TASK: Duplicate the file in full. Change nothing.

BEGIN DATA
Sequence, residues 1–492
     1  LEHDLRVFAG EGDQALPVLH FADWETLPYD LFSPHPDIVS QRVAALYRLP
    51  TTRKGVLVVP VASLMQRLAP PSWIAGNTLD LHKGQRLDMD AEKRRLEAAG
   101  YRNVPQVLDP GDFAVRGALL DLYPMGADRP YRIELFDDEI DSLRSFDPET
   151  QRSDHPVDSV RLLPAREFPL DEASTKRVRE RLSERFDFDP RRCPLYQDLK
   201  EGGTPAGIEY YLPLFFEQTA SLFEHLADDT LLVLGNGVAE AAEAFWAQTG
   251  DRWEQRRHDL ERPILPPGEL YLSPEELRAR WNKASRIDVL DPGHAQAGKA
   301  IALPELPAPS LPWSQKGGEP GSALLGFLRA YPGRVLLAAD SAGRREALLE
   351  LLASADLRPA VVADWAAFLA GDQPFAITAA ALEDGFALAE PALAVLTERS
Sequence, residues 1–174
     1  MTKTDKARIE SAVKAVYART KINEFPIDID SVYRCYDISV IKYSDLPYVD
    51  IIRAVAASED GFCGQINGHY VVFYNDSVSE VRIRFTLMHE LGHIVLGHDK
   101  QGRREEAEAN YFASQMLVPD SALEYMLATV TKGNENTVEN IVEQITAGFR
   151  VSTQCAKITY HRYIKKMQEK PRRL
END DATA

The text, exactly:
Sequence, residues 1–492
     1  LEHDLRVFAG EGDQALPVLH FADWETLPYD LFSPHPDIVS QRVAALYRLP
    51  TTRKGVLVVP VASLMQRLAP PSWIAGNTLD LHKGQRLDMD AEKRRLEAAG
   101  YRNVPQVLDP GDFAVRGALL DLYPMGADRP YRIELFDDEI DSLRSFDPET
   151  QRSDHPVDSV RLLPAREFPL DEASTKRVRE RLSERFDFDP RRCPLYQDLK
   201  EGGTPAGIEY YLPLFFEQTA SLFEHLADDT LLVLGNGVAE AAEAFWAQTG
   251  DRWEQRRHDL ERPILPPGEL YLSPEELRAR WNKASRIDVL DPGHAQAGKA
   301  IALPELPAPS LPWSQKGGEP GSALLGFLRA YPGRVLLAAD SAGRREALLE
   351  LLASADLRPA VVADWAAFLA GDQPFAITAA ALEDGFALAE PALAVLTERS
Sequence, residues 1–174
     1  MTKTDKARIE SAVKAVYART KINEFPIDID SVYRCYDISV IKYSDLPYVD
    51  IIRAVAASED GFCGQINGHY VVFYNDSVSE VRIRFTLMHE LGHIVLGHDK
   101  QGRREEAEAN YFASQMLVPD SALEYMLATV TKGNENTVEN IVEQITAGFR
   151  VSTQCAKITY HRYIKKMQEK PRRL